Your body naturally makes tyrosine, a nonessential amino acid, from phenylalanine, an amino acid found in a variety of protein-rich foods, such as beef and soy 1. Proper blood levels of tyrosine aid in the production and regulation or hormones produced by the pituitary, adrenal and thyroid glands. Although tyrosine deficiency is rare, symptoms of this condition typically mimic hypothyroidism -- a condition characterized by an underactive thyroid gland.
Many of the symptoms of a tyrosine deficiency are nondescript and resemble those caused by other common infections including the flu. You may feel extremely fatigued or weak and your muscles and joints may be achy, swollen or stiff. Your skin may appear unusually pale and you may not feel like participating in your usual activities. If a tyrosine deficiency is left undetected or untreated, your flu-like symptoms will become progressively more severe.
Unexplained Weight Gain
Your thyroid hormone is responsible for regulating how quickly your metabolism the food you consume each day. An underactive thyroid produces lower than normal amounts of thyroid hormone. Without sufficient supplies of thyroid hormone, your metabolism can't function at a normal rate. For this reason, people with tyrosine deficiency may experience unexplained weight gain -- despite maintaining their normal eating routines. You may also notice that your face appears rounded or puffy due to water retention.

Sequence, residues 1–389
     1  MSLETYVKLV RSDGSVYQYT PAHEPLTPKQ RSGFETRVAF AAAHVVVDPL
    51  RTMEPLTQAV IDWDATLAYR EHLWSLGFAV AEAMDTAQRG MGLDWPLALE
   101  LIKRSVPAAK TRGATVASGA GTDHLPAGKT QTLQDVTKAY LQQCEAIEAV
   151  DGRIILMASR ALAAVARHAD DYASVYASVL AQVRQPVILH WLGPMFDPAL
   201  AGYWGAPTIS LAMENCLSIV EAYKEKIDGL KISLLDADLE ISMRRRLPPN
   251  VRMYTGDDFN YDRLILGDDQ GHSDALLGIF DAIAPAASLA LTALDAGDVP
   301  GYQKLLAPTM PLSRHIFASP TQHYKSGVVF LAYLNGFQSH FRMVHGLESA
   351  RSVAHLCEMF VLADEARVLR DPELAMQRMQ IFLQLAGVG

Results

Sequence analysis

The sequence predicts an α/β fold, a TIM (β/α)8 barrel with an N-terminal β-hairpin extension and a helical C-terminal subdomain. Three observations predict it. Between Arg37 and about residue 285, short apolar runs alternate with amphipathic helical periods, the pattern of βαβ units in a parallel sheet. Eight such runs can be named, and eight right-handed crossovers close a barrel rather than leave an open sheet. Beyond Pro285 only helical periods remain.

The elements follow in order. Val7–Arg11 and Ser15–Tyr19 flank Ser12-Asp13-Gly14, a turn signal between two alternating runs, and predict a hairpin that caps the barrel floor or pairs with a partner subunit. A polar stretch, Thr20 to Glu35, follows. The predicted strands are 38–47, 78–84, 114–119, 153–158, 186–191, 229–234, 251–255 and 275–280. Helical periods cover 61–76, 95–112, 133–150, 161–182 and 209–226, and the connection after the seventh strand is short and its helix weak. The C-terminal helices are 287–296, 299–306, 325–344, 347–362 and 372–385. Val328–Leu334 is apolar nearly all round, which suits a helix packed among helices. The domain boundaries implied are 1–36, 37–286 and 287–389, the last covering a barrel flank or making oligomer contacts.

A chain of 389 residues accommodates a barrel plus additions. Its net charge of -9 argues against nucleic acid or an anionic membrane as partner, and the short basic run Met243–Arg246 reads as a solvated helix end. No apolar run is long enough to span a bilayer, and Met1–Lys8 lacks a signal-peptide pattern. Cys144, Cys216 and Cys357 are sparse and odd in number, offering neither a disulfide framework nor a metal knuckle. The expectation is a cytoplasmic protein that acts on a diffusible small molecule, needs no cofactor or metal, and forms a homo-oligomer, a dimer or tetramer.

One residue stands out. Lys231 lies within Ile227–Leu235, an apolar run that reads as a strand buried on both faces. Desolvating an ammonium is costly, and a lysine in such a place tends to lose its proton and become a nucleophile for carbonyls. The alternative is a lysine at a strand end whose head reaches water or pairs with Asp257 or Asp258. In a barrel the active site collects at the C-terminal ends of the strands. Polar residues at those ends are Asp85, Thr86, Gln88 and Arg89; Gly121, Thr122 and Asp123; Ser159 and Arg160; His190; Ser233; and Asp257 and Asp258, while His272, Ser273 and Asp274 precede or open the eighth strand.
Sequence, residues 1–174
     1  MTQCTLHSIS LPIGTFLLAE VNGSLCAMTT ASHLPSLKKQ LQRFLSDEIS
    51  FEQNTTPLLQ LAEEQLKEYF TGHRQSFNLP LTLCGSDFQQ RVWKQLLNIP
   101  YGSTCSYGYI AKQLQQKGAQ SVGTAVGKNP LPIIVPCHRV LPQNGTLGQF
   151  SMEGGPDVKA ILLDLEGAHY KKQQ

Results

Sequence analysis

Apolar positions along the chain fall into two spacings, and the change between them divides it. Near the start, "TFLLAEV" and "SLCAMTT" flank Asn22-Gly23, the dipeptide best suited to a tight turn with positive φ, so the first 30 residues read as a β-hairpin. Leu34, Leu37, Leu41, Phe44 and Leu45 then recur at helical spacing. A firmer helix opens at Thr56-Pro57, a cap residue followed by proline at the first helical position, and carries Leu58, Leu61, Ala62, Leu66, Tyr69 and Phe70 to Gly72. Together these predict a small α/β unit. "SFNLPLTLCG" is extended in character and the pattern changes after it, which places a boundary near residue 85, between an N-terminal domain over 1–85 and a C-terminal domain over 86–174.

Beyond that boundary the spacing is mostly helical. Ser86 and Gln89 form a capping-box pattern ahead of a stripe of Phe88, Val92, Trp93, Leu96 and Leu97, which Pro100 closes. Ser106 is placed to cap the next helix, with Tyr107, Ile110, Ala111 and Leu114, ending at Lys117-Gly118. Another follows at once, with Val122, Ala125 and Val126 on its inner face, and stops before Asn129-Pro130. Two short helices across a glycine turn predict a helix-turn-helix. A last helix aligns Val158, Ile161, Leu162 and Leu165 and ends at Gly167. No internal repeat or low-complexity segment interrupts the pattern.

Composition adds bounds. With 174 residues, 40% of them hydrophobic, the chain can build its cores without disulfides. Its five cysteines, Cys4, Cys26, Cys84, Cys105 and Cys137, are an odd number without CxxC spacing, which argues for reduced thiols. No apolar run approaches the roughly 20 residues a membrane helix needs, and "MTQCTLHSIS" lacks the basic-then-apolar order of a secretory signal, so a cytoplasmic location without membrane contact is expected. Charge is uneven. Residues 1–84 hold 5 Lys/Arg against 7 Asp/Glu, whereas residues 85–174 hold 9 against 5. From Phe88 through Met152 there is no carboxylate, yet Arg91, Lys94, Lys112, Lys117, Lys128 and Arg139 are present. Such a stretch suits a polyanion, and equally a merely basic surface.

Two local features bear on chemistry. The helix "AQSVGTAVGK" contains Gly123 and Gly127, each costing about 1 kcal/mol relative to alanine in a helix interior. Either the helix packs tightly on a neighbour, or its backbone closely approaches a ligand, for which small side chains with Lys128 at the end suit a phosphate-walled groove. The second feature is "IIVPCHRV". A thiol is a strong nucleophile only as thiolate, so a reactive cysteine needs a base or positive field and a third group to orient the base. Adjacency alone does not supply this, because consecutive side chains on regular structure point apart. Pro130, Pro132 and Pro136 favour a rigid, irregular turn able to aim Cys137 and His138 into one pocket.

Poor Temperature Regulation
The level of thyroid hormone in your body also helps you maintain a constant internal body temperature, even when you're in warm or cold climates. Low levels of thyroid hormone caused by a tyrosine deficiency can lower your internal body temperature, which can increase your sensitivity to cooler temperatures. Your hands or feet may frequently feel cold to the touch or you may find that you need to dress in warmer clothing to remain comfortable throughout your normal daily activities.
Low Blood Pressure
Your blood pressure may fall as a result of a tyrosine deficiency. People with low blood pressure levels, also called hypotension, usually don't experience noticeable symptoms. However, certain people may feel dizzy or faint or may develop blurred vision or recurrent headaches. Seek care from your doctor if these symptoms arise.
Low tyrosine levels may also result in vocal hoarseness, dry skin, constipation, depression and brittle hair or fingernails. Women with a tyrosine deficiency may experience abnormally heavy menstrual periods due to low thyroid hormone levels.
Low levels of thyroid hormone caused by a tyrosine deficiency can lower your internal body temperature, which can increase your sensitivity to cooler temperatures. For this reason, people with tyrosine deficiency may experience unexplained weight gain -- despite maintaining their normal eating routines. Your blood pressure may fall as a result of a tyrosine deficiency.
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